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MG Thermal Consulting

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MG Thermal Consulting last won the day on July 9

MG Thermal Consulting had the most liked content!

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About MG Thermal Consulting

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    http://www.mgthermalconsultingco.com
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    mikegronski@gmail.com

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    Male
  • Location
    Atlanta, GA
  • Interests
    Refrigeration and process cooling industry.
    Gardening.
    Civil War History.

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  1. MG Thermal Consulting

    Chilling Needs on Mash Tank

    Yep, here is where you start the cooling with a full reservoir of cold chilled water at near 45F. For those that want to mash twice a day, figuring they can just do mash #1, still run#1, mash run#2, still run#2 with the same chiller and reservoir...trouble is you are not starting mash run #2 with a 45F reservoir, more like 70F and can't get the second crash done. Then they add a second reservoir to remedy that...but, can't figure why the same chiller can't get both reservoirs back to 45F by sunrise...and so it goes.
  2. MG Thermal Consulting

    Chilling Needs on Mash Tank

    The mash cooling will probably put you in the market for a chiller due to where you're located. Depending on the volume of mash, I have some factory refurbs that you can use with one of Paul's coolers to get the job done. If it's a small volume, less that 150 Gal, I have a copper/steel one that you can use to get you there in less than a couple hours. Once you get close to 80F city water, about the best you can get down to is around 100F mash, if you're lucky. I've seen adapting old milk coolers to make chilled water to pump through a mash cooler, and since you're in a big farm area, you may be able to latch onto one. Good luck!
  3. MG Thermal Consulting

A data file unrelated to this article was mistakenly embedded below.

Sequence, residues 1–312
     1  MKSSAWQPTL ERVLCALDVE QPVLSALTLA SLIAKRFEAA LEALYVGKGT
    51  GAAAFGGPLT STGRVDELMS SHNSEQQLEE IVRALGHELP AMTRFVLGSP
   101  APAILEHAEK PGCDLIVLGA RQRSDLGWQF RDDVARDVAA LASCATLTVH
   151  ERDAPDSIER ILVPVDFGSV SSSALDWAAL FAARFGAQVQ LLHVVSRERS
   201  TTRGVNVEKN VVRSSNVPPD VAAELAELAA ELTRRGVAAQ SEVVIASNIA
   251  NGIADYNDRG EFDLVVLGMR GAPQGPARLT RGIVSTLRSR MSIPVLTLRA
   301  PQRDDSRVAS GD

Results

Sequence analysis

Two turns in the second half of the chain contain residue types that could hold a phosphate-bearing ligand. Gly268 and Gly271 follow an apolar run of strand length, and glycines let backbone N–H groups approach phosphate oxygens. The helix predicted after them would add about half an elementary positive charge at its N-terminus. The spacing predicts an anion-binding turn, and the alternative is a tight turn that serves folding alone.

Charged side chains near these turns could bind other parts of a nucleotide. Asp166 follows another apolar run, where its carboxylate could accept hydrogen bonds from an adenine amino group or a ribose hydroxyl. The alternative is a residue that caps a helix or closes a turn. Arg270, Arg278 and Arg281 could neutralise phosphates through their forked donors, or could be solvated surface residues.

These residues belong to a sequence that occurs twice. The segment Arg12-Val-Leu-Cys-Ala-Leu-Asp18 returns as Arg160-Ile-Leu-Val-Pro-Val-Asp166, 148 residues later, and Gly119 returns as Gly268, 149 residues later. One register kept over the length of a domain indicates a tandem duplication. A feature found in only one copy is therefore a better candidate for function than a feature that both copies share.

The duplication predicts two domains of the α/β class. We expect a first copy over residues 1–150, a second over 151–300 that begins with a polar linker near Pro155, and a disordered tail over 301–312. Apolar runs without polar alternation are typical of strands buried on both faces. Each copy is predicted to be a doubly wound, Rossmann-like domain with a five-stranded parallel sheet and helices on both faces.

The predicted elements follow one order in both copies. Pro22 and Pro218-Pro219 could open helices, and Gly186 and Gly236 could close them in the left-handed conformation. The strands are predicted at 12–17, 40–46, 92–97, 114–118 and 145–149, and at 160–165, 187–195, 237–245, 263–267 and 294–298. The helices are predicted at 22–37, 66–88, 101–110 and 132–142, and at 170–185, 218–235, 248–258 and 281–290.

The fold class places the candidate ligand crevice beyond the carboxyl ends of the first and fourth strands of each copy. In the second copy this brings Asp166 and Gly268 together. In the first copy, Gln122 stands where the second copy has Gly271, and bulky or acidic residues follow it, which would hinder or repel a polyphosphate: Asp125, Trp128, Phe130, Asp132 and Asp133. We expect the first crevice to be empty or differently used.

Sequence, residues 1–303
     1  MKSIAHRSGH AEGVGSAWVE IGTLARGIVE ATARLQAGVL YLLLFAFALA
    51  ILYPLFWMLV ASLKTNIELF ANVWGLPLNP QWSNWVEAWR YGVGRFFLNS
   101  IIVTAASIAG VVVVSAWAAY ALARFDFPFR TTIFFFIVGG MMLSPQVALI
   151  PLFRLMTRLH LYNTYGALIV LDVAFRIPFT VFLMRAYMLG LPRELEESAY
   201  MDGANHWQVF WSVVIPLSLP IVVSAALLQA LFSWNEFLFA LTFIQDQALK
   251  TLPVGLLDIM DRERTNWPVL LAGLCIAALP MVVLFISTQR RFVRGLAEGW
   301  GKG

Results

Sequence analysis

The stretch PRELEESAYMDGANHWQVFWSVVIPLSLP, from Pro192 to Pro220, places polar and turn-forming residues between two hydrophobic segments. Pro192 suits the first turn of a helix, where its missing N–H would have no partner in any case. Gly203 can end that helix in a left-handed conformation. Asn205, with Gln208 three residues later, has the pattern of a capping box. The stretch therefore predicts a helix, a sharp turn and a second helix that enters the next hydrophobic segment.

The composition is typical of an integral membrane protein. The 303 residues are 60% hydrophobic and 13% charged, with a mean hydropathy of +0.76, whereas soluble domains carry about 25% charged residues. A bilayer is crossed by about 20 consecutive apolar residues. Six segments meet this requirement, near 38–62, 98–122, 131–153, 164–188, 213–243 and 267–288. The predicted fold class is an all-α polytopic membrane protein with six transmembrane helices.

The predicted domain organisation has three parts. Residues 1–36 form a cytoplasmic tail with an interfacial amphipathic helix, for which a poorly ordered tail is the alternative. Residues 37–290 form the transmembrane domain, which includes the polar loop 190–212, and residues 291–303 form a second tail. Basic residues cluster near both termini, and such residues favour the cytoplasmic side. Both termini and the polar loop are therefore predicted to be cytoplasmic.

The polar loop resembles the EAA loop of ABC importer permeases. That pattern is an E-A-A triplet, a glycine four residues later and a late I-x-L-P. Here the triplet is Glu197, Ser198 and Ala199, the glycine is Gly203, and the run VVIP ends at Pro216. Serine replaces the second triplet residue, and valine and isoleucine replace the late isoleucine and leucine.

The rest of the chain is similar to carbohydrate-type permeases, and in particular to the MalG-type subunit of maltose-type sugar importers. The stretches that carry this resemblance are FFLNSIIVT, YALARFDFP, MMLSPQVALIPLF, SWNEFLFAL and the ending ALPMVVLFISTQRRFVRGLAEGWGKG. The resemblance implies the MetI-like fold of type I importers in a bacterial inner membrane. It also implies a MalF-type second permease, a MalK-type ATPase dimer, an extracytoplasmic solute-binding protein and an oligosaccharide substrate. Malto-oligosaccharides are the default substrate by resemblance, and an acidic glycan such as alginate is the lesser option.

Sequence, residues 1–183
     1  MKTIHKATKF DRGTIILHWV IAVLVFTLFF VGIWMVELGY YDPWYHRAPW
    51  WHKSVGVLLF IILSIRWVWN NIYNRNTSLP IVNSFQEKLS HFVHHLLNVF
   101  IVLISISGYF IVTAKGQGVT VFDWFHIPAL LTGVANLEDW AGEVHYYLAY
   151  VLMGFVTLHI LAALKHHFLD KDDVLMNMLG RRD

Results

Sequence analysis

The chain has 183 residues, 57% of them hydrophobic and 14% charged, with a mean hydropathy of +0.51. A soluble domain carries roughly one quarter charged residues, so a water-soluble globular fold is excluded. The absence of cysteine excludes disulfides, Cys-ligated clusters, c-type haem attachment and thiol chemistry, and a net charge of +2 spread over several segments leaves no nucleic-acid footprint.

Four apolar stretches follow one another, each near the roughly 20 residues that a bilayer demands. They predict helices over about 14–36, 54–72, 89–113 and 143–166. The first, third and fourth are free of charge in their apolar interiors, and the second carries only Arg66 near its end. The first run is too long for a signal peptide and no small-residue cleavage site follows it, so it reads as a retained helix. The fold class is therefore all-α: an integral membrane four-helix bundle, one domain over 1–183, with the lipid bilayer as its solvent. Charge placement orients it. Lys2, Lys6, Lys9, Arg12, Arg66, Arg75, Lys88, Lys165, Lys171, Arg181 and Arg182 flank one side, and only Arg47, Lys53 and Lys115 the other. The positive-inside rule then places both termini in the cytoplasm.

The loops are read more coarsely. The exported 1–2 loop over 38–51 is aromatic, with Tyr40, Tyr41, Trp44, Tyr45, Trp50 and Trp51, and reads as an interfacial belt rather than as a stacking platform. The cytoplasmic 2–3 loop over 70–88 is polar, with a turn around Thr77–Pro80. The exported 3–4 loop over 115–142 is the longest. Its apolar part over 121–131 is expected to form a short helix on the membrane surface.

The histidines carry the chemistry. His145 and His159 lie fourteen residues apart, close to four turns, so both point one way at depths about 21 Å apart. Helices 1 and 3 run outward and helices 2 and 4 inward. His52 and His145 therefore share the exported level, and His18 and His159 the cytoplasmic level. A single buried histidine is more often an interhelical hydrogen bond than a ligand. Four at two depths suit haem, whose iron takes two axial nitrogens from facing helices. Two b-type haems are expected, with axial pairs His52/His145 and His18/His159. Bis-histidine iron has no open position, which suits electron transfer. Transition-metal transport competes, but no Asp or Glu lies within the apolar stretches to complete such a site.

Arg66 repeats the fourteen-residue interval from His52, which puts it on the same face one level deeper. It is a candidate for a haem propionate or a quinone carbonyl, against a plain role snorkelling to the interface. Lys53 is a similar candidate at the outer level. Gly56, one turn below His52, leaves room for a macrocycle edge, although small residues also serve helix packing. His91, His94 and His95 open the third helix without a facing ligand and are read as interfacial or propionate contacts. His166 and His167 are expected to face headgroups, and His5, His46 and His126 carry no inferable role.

Greetings!

    Hey, Joe. Good luck on your distillery- you have a few guys around you, I sold a chiller system to Jim over at Mingo Creek. A great guy to talk to, if you haven't already. If you need anything on the cooling side, give me a jingle. Mike G. 678-773-2794
  4. MG Thermal Consulting

    Cold Filtering/Jacketed Cooling Tank

    B, I have sold many small chillers for cold filtering. Normally a 3 to 5 HP is used, I have a stock 4 HP 230/1/60 discounted for sale, less than $8,000 including freight to Mid-USA, a tad more to either coast. You'll need to charge the system with 40% propylene glycol mix to make 25F to get the job done. A circulating pump is included with the chiller. Contact me if you have questions.
  5. MG Thermal Consulting

    Rum Man

    Man, I'd like to try that Slivovitz!!! I think my Granddad used to make something like it on the farm- all I know is, after he died my dad found a bottle of something fermented in the basement. Whatever it was, brought tears to my Dad's eyes, an he was a WWII vet! Yikes!
  6. MG Thermal Consulting

    Hello from Richmond, VA

    Hey OCD! If you need any cooling system help, give me a shout!
  7. MG Thermal Consulting

    Closed Chiller Loop Water Treatment

    If you keep your pond at 55F or lower, then I would agree but I don't know the volume of the pond or the temp. I would say in most places it wouldn't work year round, only as a part year solution. Are you pumping ethanol on both sides of the htx or are you pulling pond water directly into the htx? If you are pulling it directly, how do you keep the htx from being fouled, a large filter?